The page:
As Legg Mason Inc. (LM) gets ready to conclude a four-month search for a new chief executive officer, the challenges for the firm’s third leader in six years are only growing bigger.
The money manager yesterday announced its worst quarter since 2008, as five years of redemptions and shrinking assets forced the Baltimore-based firm to write down the value of some units. Client withdrawals accelerated in the last three months of 2012 and aren’t showing signs of abating even as rivals such as BlackRock Inc. (BLK) said they’re seeing higher sales in January. The shares have slumped 80 percent from a 2006 peak and investment affiliates are pushing for greater control over fund sales.
“The pool of potential CEOs who can turn around and guide an institution like that is very, very limited,” said Michael Aronstein, co-founder of New York-based Marketfield Asset Management, which manages about $6 billion. “It’s not like running a consumer goods company where there’s a certain template.”
Attracting talent amid these setbacks won’t be easy for the firm, which hasn’t been led by an outsider since Raymond A. “Chip” Mason merged his company in 1970 with a regional brokerage to form Legg Mason. Mason was succeeded by Mark Fetting, who previously headed Legg Mason’s mutual fund and managed-accounts businesses, when he stepped down in 2008. Fetting announced his departure in September amid pressure from investor Nelson Peltz, after failing to reverse redemptions and revive the stock, which hit a record $136.40 in 2006.
Joseph A. Sullivan, who was named interim CEO in October, is the only internal candidate among four people being considered for the role, according to a person familiar with the matter who asked not to be identified because the information isn’t public. A decision may be made in coming weeks, the person said. Sullivan said yesterday in a call discussing Legg Mason’s earnings that the firm is “nearing the completion” of its search, and that an announcement is expected soon.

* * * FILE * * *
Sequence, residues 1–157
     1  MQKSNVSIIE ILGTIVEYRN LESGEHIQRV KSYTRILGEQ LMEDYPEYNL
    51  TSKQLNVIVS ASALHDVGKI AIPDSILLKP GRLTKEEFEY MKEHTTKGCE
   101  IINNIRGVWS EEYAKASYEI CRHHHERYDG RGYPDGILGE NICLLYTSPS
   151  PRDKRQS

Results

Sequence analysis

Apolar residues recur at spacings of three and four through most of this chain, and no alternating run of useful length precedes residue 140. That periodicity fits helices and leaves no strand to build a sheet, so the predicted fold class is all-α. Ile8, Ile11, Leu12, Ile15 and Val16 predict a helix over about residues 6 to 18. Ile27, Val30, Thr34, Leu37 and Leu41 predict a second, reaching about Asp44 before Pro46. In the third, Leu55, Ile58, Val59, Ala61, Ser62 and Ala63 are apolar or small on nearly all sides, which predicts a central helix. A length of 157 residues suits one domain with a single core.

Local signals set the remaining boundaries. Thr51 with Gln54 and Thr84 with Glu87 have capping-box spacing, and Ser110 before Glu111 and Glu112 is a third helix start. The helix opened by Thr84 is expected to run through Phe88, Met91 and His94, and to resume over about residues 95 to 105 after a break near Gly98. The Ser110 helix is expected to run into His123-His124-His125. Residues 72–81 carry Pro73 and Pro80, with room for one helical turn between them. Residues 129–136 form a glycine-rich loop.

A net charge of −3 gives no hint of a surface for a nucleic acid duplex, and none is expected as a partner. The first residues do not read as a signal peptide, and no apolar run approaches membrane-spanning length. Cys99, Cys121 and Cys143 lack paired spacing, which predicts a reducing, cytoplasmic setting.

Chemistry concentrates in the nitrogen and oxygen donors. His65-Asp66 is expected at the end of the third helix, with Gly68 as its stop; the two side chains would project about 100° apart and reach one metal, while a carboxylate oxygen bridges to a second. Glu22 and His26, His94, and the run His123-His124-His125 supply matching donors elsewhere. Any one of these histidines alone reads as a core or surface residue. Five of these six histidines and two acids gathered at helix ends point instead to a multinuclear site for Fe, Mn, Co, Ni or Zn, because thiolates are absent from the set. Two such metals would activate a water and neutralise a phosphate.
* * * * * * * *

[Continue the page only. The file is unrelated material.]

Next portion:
Maria Rosati, a spokeswoman for Legg Mason, declined to comment.
“Anybody who comes on board can be putting their reputation and career on the line,” said Adam Shavulsky, a partner who heads the financial-services practice at executive search firm Canny, Bowen Inc. in New York. “Most CEOs and C- suite professionals are averse to boarding a sinking ship and the risks just might be too high for some of the best people out there.”
Legg Mason yesterday reported a loss of $453.9 million, or $3.45 a share, in the three months ended Dec. 31, the biggest quarterly shortfall since it posted a $1.5 billion loss at the end of 2008. Earnings were hurt as redemptions and declining assets forced Legg Mason to write down assets tied to the 2005 takeover of Citigroup Inc.’s asset-management business and to the firm’s Permal hedge-fund unit.
Legg Mason has seen assets fall from a peak of $1 trillion in 2007 to $649 billion at the end of December because of market losses and investor redemptions. Starting with the fourth quarter of 2007, the firm has had withdrawals in 20 of the last 21 quarters, most recently suffering redemptions of $7.5 billion in the quarter ended Dec. 31.
Unlike its competitors such as BlackRock and T. Rowe Price Group Inc. (TROW), Legg Mason hasn’t yet benefited from investors returning to stocks this year. U.S. stock mutual funds have attracted net investor deposits for three consecutive weeks, adding to evidence a rally in stock markets is prompting individuals to return to the asset class. Sullivan called January a “mixed month” on the earnings call yesterday with analysts and investors, and said a couple of institutional clients had pulled about $1 billion from global equity mandates.
In contrast, BlackRock CEO Laurence D. Fink said there will be more movement into equities and it’s started to show as clients pour money into the firm’s iShares equity exchange- traded funds. At T. Rowe Price, CEO James Kennedy said people moved back into equities in January.
Legg Mason is also struggling with some of the multiple investment units it owns. Its affiliates, such as Western Asset Management Co. and equity managers such as ClearBridge Investments and Royce & Associates, operate independently and have separate revenue-sharing agreements.
Western Asset, the bond manager that is Legg Mason’s biggest investment unit, is seeking more control of its fund sales by trying to negotiate a move away from the centralized distribution model in which sales of retail products go through Legg Mason, a person familiar with the matter said in November.
In May, Western said it was removing the Legg Mason name from its U.S. mutual funds as part of a rebranding to increase sales to individual investors. ClearBridge, which is Legg Mason’s largest stock-fund affiliate, said in October it was dropping the Legg Mason name from its mutual funds as part of a push to make its brand better known. In January, Legg Mason said it was folding Miller’s Legg Mason Capital Management division into ClearBridge as assets tumbled.
During the fourth quarter, Legg Mason completed restructuring agreements with its hedge-fund unit Permal, which include a management equity plan, a revised revenue share agreement and new multi-year employment contracts with key Permal employees. Sullivan said on yesterday’s call the equity plan was a good framework for creating stronger alignments with other affiliates.
“We believe it will be an important part of succession planning as both the current management team and the next generation of affiliate leaders, will have longer-term financial incentives to create and preserve value,” Sullivan said.
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